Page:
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Appropriation and Appreciation: What's the Difference?

Photograph of two female models who appear to be Caucasian with colorful dread-locked hair

Photo by Kevin Tachman via Vogue.

Ethnic hairstyles. Sports mascots. Runway fashion. We’ve all seen examples of cultural appropriation. Yet, the difference between cultural appropriation and appreciation is not always clear. Think of cultural appropriation as the "selecting of certain aspects of a culture, and ignoring their original significance."1 In March 2018, the Oxford English Dictionary defined cultural appropriation as: “The unacknowledged or inappropriate adoption of the practices, customs, or aesthetics of one social or ethnic group by members of another (typically dominant) community or society.”2

Social media, print media, and television programs can inspire us to appreciate the beauty and uniqueness of people from different backgrounds. Appreciating different cultures and traditions is encouraged with some caution—culture is not a hobby or a collectible item, it is a meaningful part of life, identity, and community. To start appreciating a culture different from your own, begin with good intentions and learn about the culture. This involves avoiding the temptation to assign new meaning to "cultural markers (such as food, clothing, or physical appearance)."3

Context is critical because it allows us to determine if the intention behind adopting an aspect of a culture is meaningful. While learning about a cultural activity, event, meal, garb, or other cultural aspects from a person within the culture, who enthusiastically agrees to teach you, is a great way to connect and appreciate a culture, buying or using iterations of cultural items (like fast-fashion clothing, furniture, housewares, Halloween costumes, etc.) that give no credit or compensation to the original creator(s) is a form of appropriation. Here is a more specific example:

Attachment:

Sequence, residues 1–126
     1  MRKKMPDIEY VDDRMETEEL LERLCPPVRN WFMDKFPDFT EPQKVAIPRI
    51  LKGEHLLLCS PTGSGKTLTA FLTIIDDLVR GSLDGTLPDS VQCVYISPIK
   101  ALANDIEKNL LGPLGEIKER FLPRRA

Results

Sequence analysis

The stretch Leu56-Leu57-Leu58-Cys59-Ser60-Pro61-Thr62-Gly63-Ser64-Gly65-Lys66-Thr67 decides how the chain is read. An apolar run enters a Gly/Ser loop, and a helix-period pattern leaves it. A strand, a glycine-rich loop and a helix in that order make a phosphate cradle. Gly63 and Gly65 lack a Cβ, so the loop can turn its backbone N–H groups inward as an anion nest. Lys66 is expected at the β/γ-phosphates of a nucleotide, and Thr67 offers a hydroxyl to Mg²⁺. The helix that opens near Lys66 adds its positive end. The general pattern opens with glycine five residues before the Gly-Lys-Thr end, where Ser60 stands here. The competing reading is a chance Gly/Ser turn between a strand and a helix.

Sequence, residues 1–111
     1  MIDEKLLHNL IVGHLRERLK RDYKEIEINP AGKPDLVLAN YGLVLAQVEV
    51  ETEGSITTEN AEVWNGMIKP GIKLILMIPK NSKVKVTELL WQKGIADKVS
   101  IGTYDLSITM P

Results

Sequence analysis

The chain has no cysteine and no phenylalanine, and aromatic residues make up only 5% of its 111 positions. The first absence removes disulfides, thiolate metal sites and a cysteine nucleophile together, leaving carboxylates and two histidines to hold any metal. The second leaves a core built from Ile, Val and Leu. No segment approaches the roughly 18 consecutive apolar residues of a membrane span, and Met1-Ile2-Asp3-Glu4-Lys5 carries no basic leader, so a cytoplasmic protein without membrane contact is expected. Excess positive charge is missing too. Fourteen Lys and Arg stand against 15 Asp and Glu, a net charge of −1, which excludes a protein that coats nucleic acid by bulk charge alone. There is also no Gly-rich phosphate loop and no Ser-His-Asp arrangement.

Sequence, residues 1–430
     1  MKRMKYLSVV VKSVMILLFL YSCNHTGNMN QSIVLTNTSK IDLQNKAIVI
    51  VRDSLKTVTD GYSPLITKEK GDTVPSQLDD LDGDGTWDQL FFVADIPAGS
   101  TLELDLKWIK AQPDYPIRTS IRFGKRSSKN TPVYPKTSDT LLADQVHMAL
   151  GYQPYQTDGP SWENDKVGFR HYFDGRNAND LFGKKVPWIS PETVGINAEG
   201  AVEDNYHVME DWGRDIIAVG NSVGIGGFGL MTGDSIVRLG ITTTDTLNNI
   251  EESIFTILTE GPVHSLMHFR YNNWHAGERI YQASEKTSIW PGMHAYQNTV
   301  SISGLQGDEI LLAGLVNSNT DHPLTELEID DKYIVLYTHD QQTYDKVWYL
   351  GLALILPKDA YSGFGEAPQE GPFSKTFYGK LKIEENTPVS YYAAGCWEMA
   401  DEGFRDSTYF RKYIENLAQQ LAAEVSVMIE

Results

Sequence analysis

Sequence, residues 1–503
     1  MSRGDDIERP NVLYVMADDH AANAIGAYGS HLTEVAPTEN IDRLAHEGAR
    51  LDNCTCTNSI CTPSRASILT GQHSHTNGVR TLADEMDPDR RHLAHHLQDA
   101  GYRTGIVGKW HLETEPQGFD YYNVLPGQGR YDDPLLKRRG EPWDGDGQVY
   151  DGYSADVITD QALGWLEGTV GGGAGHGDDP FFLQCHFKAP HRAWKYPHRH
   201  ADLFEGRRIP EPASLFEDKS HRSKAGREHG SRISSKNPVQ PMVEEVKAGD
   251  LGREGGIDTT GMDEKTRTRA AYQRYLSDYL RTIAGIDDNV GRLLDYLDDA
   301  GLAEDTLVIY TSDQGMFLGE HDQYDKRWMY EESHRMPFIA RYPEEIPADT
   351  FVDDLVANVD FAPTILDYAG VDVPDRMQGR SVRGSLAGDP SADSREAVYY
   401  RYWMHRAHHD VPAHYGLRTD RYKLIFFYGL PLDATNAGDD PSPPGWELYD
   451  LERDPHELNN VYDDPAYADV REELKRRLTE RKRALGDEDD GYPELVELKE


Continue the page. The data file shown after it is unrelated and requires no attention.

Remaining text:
Likewise, feather headdresses are all the rage at music festivals. But these are tribal symbols of spirituality and status that don't have anything to do with these festivals. It's not that it's off-limits to wear accessories from aboriginal cultures, but context is critical. Does the context of Coachella have anything to do with the culture you're borrowing from? If not, then maybe you shouldn't be wearing that particular accessory. For this reason, some music festival organizers have prohibited feather headdresses.4

Look for obvious context clues. Were you invited to a cultural event and asked to wear traditional clothing? Or did you notice that a culturally inspired style is trending and decide to wear that trendy outfit on your next night out? Appreciating culture often involves community, connection, and learning, whereas appropriation is typically an individual choice influenced by popular media.

So, what are some ways to celebrate a culture without exploiting it? Start with these basic tips:

  1. Examine your own culture and beliefs. Knowing your own culture is one of the best ways to understand and appreciate other cultures.5
  2. Recognize and embrace cultural differences.6 Allow these differences to spark healthy dialogue.
  3. Refrain from using sacred artifacts or symbols from another culture as an accessory.7
  4. Ask yourself why. Ensure your intentions are sincere and genuine.
  5. Be an ally! Engage in important conversations and help others learn about cultural appropriation.



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